The Obama administration is trying again, as it did last fall, to require airlines and their passengers to help offset some of the cost of government services they use -- something that is already routine and seemingly widely accepted by travelers. The administration's fiscal 2013 budget proposal, released yesterday, includes a request to Congress to raise the $2.50 per segment fee for aviation security to $5, and then gradually increase it to $7.50 over five years. The proposal also seeks a $100 per flight fee on all aircraft takeoffs to help defray the costs of air-traffic control and to help reduce the federal deficit. Once again, the airlines are vehemently opposed to such increases.
The airlines' opposition to increasing fees is no surprise, but as I recently explored in some depth in a trade magazine article I wrote, the industry has been called hypocritical as it argues against the increases. The airlines contend that raising fees modestly will be a killer, leading to higher prices that will mean fewer customers, which in turn will lead to canceled service and abandonment of some routes and eventually to large job losses in the travel indstry. As my article asks: OK, so what has the effect been on travel from the airlines' own fees imposed over the last three years? And what was the impact on air traffic been of a dozen base fare increases in 2011? Which would have a greater negative effect, paying $2.50 or $5 more for security or paying $50 to $100 more per flight if you want to check a bag and sit in a specific aisle seat? Read my article in Business Travel Executive to learn more.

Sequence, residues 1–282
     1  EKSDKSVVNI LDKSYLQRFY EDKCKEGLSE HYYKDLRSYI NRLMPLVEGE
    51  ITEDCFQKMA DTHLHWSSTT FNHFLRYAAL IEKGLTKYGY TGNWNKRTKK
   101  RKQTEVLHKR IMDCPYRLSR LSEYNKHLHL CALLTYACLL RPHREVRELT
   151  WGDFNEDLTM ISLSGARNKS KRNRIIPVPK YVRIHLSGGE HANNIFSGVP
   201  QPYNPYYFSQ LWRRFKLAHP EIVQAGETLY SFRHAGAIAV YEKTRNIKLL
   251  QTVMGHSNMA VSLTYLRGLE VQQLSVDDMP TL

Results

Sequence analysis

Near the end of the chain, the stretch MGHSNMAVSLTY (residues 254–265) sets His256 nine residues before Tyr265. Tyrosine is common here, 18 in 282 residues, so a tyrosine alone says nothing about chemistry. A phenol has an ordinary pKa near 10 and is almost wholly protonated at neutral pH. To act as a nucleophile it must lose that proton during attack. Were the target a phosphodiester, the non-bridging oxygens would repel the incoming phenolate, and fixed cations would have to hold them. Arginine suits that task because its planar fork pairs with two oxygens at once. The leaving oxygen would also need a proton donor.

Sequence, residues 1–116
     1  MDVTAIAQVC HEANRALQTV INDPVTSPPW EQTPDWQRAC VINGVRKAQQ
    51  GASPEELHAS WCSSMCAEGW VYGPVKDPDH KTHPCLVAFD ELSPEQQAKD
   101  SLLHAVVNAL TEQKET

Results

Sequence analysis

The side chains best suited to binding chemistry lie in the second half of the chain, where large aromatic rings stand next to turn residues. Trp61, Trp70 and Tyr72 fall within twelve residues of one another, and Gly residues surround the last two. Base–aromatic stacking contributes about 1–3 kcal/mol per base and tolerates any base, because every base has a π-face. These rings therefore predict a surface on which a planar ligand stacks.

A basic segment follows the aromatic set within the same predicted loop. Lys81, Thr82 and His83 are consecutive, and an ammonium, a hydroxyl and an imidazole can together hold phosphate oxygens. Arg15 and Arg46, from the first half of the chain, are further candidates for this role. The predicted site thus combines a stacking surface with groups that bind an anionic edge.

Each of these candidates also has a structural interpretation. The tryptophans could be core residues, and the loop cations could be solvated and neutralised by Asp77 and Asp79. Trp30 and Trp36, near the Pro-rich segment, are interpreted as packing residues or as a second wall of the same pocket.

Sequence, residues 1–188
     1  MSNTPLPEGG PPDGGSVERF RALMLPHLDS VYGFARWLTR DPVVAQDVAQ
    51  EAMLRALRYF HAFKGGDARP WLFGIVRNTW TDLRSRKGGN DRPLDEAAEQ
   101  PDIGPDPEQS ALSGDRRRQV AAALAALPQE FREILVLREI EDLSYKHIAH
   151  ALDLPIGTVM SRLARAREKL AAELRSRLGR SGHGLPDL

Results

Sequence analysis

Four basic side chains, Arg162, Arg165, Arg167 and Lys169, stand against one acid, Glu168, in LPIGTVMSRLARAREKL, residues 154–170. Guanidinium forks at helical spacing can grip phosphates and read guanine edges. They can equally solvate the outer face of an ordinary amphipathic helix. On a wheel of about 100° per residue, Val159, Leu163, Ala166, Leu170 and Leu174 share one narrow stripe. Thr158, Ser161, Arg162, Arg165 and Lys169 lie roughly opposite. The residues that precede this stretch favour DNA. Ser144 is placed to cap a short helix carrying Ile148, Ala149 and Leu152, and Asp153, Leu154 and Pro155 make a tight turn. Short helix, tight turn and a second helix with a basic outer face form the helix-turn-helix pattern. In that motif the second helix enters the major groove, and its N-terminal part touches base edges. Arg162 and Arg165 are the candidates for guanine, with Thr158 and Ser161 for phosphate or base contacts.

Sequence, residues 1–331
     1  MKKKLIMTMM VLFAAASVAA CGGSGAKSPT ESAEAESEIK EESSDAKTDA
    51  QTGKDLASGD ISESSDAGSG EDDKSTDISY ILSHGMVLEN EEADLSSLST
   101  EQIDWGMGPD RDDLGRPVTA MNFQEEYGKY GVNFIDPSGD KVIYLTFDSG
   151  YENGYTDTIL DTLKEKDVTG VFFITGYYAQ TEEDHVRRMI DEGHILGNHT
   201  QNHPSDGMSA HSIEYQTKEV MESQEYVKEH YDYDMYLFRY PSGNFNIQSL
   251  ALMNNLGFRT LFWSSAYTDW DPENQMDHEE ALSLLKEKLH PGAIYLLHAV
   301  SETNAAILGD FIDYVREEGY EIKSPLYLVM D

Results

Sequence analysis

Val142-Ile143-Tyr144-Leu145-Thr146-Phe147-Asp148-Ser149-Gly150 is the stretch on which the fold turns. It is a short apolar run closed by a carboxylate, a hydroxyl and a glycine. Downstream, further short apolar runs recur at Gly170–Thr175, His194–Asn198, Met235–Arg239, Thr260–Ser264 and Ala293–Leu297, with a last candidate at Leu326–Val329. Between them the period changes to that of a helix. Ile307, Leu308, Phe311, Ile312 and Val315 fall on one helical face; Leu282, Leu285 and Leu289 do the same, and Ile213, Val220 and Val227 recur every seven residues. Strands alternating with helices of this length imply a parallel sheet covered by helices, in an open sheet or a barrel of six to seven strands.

In the meantime, in case you're worried about the financial health of the always-fragile airline industry, a Wall Street analyst's report this morning estimates that industry revenue for every available seat it flies one mile will be up 9 percent or better in January and February and 7.5 percent in March vs. a year ago. I'm finding it hard to feel sorry for the airlines right now. How about you?